Foreign Relations & International Law

Water Wars: ASEAN No Longer 'Concerned' About China’s Actions in the South China Sea

Eliot Kim
Monday, December 4, 2017, 11:07 AM

The semiannual Association of Southeast Asian Nations (ASEAN) Summit concluded last month with yet another reminder of China’s growing clout in Southeast Asia. For the first time since 2013, the ASEAN chairperson’s statement did not express ASEAN member states’ concerns about land reclamation in the South China Sea.

Philippine President Rodrigo Duterte Delivers ASEAN Chairmanship to Singaporean Prime Minister Lee Hsien Loong. (Source: NAM News)

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The semiannual Association of Southeast Asian Nations (ASEAN) Summit concluded last month with yet another reminder of China’s growing clout in Southeast Asia. For the first time since 2013, the ASEAN chairperson’s statement did not express ASEAN member states’ concerns about land reclamation in the South China Sea. Rodrigo Duterte, the Philippine president and chairman of ASEAN, also failed to mention the July 2016 arbitration decision that invalidated China’s disputed maritime claims in the South China Sea in his released statement. The statement was released three days after the meeting among ASEAN leaders, stoking speculation that the parties had disagreed about the wording on contentious issues. There was no disagreement about the language of the statement from the Chinese Foreign Ministry, which praised the statement for reflecting the “real situation in the South China Sea, [where tensions are] cooling down and moving toward a stable and positive direction.”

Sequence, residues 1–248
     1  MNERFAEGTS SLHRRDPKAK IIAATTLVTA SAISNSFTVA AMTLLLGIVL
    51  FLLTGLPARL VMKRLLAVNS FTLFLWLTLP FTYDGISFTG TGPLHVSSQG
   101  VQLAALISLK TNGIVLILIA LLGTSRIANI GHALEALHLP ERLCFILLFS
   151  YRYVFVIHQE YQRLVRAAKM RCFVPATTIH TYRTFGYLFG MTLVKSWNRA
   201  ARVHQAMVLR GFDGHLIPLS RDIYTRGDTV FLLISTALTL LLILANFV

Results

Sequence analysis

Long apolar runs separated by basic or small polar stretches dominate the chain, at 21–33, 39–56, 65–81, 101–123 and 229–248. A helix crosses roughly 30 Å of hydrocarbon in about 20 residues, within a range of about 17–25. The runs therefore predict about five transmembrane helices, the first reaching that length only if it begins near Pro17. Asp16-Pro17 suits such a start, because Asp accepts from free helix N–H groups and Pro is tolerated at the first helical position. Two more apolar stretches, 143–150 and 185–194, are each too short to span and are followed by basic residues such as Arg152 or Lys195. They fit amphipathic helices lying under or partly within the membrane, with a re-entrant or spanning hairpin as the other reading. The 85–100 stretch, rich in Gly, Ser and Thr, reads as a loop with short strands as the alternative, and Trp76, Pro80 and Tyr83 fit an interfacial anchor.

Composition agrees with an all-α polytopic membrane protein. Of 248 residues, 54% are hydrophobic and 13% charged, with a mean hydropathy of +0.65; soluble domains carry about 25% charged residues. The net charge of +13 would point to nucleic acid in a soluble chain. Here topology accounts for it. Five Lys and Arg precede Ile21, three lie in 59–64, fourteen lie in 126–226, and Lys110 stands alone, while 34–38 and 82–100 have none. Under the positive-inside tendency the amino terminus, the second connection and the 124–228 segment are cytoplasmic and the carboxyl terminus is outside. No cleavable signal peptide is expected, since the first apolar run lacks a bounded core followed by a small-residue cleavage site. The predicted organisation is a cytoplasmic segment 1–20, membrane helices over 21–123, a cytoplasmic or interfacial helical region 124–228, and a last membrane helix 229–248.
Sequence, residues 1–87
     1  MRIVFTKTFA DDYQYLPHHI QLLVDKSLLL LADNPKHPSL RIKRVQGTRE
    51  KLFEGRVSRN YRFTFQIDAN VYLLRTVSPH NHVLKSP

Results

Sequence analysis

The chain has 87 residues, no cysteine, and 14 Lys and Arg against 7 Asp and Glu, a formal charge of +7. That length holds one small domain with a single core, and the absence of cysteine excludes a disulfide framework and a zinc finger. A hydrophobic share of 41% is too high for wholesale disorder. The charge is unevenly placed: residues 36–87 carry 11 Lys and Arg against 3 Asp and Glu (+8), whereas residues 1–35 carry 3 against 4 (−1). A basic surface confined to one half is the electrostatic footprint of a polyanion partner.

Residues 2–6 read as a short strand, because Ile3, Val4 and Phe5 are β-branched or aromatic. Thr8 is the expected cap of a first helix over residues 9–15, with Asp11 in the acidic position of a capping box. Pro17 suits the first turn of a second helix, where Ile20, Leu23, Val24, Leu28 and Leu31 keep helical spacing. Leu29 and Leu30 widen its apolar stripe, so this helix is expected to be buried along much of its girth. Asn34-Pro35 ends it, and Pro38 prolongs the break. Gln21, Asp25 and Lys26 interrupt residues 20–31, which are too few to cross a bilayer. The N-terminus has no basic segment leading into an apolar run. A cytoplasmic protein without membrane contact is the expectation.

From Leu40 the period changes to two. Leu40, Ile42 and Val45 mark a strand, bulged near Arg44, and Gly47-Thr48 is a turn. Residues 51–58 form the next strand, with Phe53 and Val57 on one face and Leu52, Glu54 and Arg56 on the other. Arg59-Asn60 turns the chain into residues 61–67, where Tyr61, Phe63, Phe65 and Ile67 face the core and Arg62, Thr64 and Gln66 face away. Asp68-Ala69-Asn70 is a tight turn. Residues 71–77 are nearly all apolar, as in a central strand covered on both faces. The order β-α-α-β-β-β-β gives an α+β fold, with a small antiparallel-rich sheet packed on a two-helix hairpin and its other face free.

The omissions of explicit language about land reclamation and the arbitration decision are consistent with Duterte’s foreign policy. Duterte has been consistently criticized in the Philippines for ignoring the arbitration results and failing to defend Philippine sovereignty. At the summit, Duterte focused on the announcement that China and ASEAN would begin negotiations on a Code of Conduct (COC) for the South China Sea in early 2018. At an ASEAN press conference, Duterte told reporters that Chinese authorities had promised to “fast-track” the negotiations. In fact, some commentators attribute the COC progress and the broader thaw in relations between ASEAN and China to Duterte’s more conciliatory approach to dealing with China. However, other experts are warning that the finalized COC is likely to contain vague language, without referring to specific parts of the sea or affirming the importance of freedom of navigation.

With the summit marking the end of Duterte’s tenure as chairman of ASEAN, the focus now shifts to Singaporean Prime Minister Lee Hsien Loong who will serve as the chairman of ASEAN in 2018. In his speech at the ASEAN summit, Lee assured the audience that he would focus on further economic integration between the ten member nations of ASEAN. As for the South China Sea, Lee told Singaporean reporters that “while the situation is calmer now, [ASEAN] cannot take the progress for granted.” Commentators have expressed optimism that with a nonclaimant party like Singapore at the helm, ASEAN should make further progress in its negotiations with China on COC negotiations. In fact, Singapore may be inclined to keep ASEAN on the course set by Duterte. Reuters reported earlier this year that China was already applying pressure behind the scenes on Singapore, urging it not to rock the boat on South China Sea issues once Singapore assumes the role of leading ASEAN.

In Other News…


According to Japanese news outlets, Japan and China have agreed to hold maritime talks later this month in Shanghai. The announcement came shortly after Japanese Prime Minister Shinzo Abe met with Chinese President Xi Jinping on the sidelines of the Asia-Pacific Economic Cooperation 2017 summit in Vietnam Nov. 11, and then with Chinese Premier Li Keqiang at the ASEAN meetings in the Philippines Nov. 13.

The meetings would represent the eighth round of maritime talks since Japan and China began discussions about their maritime disputes in 2012. The two countries will be represented by diplomats, military, and coast guard officials.